According to him, 'Few West African countries have been at the epic center of the virus. I believe some of the countries are Sierra Leone, Liberia and Guinea. There is a risk to the entire sub-region. I like to commend all the health workers in the state for the very professional manner they have responded while I was out of the country.
'One must also commend the management of First Consultant Health Centre for choosing life ahead of money. That is how it should be. I must use this opportunity to appeal to all health institutions to report suspects any such case.
'I believe what people must begin to do is to imbibe stronger sanitation and preventive measures, especially hand-washing periodically with soap and water. This has been part of our health strategy. This was why we created the department of public health in 2011. This is the emerging global health challenge.
'This is no longer a local, but an international problem because it is easily transmittable across the borders and boundaries. The Federal Government team has been working with the state team, I think what the Federal Government needed to do at this time is to consider the imperative of closing some of our borders.
'It is difficult to stop this epidemic, we must now choose the treaty obligations that we hold under the ECOWAS treaty and perhaps short term benefits in terms of economic cost to human life. We must make that choice and consider it very seriously. It is a national security issue.
'I think we should give it that attention. I think men and women who man our border posts-sea, air and land-especially the customs, now know that they are our first line of defence. What happens going forward depends on how professionally they act. It is prevention rather than calling the health professionals to quarantine people.
'That is really the strongest defence now against migration of the virus. We will continue to put out information about what the health risks are and the symptoms. I have instructed the ministry to enlighten the public on what to do in order not to contact the virus.
'This is also the best time to stop public urination, because it has health risk. We have been appealing against it and this is the best time to stop such act. This is the time that everyone must be at the vanguard of stopping that untidy behaviour. For me, I think cremation has been the best method.
'Dead bodies emit fluid. This showed that the cremation policy of the state is the best solution to deal with the issue. This is a health security and people must embrace contemporary hygiene standards. All the residents who had contacts with the dead Liberian have been tested and the result proved negative.
'But there is still risk because we had a dead body was brought into the country from Liberia. This means there is still need for vigilance at our border post. The officials at these places should act professionally and report every incident they suspect.'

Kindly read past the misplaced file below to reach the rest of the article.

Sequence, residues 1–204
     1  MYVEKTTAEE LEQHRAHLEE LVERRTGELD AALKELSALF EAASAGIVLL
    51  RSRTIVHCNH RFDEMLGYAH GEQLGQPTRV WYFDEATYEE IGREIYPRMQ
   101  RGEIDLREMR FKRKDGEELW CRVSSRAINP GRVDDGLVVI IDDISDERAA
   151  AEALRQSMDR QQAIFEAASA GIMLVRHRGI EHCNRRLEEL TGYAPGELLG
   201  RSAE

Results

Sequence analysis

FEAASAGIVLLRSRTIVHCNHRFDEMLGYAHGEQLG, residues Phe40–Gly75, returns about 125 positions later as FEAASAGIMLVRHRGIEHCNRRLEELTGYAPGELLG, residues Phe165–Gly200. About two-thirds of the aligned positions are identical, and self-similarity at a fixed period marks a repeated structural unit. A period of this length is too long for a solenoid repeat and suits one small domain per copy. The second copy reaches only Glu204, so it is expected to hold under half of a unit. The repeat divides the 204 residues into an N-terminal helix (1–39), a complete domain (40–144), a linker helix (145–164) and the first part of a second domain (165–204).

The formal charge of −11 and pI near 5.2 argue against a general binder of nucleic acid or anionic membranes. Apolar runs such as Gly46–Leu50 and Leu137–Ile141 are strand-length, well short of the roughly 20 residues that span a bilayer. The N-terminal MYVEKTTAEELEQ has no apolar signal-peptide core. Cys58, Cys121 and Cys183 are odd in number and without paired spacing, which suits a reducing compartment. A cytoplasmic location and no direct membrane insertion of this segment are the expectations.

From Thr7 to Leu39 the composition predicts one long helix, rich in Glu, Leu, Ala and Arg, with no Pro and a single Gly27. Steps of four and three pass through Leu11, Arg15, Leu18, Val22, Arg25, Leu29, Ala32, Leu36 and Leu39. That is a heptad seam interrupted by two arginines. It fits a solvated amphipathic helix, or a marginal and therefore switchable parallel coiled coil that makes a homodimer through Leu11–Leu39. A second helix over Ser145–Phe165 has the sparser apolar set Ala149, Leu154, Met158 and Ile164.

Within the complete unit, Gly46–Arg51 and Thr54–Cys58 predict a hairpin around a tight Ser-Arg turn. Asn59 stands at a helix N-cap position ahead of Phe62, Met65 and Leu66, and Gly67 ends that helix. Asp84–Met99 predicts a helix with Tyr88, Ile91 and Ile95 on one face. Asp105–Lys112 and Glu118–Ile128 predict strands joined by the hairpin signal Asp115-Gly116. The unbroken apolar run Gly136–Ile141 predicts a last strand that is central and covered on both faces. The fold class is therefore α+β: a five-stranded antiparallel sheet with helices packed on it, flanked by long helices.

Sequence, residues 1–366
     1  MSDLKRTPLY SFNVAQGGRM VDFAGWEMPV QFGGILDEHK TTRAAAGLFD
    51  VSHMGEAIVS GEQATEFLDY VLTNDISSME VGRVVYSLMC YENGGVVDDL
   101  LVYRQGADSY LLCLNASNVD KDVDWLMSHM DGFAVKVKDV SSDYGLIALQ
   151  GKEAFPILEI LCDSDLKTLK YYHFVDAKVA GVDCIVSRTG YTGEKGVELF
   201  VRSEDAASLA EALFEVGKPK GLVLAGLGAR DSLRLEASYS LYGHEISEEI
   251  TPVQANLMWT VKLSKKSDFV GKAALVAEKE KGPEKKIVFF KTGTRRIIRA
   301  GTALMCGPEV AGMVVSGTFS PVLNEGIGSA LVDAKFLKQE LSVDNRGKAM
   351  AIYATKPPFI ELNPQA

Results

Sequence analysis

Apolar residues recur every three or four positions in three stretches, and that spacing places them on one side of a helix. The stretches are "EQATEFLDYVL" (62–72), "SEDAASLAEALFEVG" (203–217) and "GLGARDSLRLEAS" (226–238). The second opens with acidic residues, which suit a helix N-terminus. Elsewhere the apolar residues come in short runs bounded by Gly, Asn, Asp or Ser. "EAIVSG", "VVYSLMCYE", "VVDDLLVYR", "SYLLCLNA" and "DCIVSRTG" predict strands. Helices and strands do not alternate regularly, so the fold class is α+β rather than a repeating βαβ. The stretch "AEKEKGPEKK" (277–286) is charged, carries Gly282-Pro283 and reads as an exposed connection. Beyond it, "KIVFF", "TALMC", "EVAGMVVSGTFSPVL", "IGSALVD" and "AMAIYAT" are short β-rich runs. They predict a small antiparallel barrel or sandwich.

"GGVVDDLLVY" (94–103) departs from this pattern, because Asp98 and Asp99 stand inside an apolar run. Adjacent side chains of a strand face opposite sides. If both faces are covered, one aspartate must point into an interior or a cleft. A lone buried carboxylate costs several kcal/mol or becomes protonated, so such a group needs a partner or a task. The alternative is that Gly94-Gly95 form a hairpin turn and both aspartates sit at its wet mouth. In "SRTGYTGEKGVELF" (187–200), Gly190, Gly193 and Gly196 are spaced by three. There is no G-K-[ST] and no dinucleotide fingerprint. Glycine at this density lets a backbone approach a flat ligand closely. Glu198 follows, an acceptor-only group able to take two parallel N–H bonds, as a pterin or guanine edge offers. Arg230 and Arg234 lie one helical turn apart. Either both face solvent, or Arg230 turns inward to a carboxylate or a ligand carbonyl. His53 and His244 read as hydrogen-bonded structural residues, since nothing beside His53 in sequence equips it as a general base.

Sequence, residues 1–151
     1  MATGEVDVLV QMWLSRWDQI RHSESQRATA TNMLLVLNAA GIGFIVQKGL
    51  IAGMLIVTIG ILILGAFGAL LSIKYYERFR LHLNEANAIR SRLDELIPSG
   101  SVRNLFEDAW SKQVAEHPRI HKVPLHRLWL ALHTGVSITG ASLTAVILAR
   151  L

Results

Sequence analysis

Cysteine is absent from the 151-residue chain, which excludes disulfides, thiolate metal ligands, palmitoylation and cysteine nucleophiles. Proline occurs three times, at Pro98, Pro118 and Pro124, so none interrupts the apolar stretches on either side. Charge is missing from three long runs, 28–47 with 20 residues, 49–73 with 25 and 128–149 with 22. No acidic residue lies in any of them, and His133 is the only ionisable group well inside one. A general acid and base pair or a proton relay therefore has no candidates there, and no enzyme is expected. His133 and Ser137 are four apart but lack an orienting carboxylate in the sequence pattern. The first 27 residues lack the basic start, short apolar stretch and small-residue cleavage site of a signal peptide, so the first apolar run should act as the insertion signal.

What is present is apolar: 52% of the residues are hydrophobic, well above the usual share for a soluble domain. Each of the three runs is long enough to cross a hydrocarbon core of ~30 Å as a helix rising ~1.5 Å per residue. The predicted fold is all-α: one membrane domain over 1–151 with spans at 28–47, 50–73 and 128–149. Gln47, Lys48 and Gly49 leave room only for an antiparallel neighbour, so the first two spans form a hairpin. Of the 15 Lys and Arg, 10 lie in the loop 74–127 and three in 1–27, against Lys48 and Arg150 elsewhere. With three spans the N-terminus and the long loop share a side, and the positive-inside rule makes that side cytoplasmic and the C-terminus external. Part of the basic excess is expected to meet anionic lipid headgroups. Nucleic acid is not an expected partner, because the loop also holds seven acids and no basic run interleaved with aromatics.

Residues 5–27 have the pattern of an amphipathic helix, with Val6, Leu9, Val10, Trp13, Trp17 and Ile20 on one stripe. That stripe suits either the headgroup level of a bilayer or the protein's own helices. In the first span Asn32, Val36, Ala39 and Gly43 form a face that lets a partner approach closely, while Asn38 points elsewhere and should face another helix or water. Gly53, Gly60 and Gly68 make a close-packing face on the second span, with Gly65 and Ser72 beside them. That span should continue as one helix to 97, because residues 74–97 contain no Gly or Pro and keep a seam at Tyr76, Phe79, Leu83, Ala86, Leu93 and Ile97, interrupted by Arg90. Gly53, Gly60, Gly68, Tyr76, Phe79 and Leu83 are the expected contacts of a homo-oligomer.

Anambra orders screening of corpses into the state
Also, following the scare of Ebola disease in Anambra State as a result of a corpse brought into the state from Liberia last week, the state government yesterday directed immediate screening of all corpses received in the state.
The state governor, Chief Willie Obiano made this known in Awka yesterday.
Obiano, who addressed reporters at the Women Development Center, Awka, said he has already instructed the police to mount stop -and -search at all entry points to the state, adding that those carrying such corpses must show the certificate of death of the corpse before they could be allowed into Anambra.
He however debunked the rumour of Ebola disease in the state, saying that all that the government was doing was to take precautions since that corpse was brought from Liberia where the disease had claimed many lives.
Fashola wants Nigeria borders closed
Governor Babatunde Fashola of Lagos State has urged the Federal Government to shut down its borders with affected West African countries to prevent outbreak of Ebola virus in the country.
Fashola on Friday at Lagos House, Ikeja, said Ebola was no longer a local problem, but an international one that required urgent measures in place to prevent its spread.
He said, 'This is because it is easily transmittable across the borders and boundaries
'The Federal Government team has been working with the state's team. But I think what the Federal Government should do is to consider closing down some of our borders.
'It is difficult to stop this epidemic and we must now choose the treaty obligations that we hold under the ECOWAS treaty and perhaps short term benefits in terms of economic cost to human life. We must make that choice and consider it very seriously. It is a national security issue and I think that we should give it that attention.
'I think that men and women who man our border posts - sea, air and land -especially the customs, now know that they are our first line of defence.
'It is prevention, rather than calling the health professionals to quarantine people, that is really the strongest defence against the virus.'
Fashola said the cremation of the remains of the Ebola victim in Lagos was the best option as dead bodies emitted fluid
The governor added that all residents who had contacts with the dead Liberian had been tested and that the result proved negative.
'But there is still risk because we heard that a dead body was brought into the country from Liberia. This means that there is still need for vigilance at our border post. The officials at these places should act professionally and report every incident they suspect,' Fashola added. Additional report from vanguard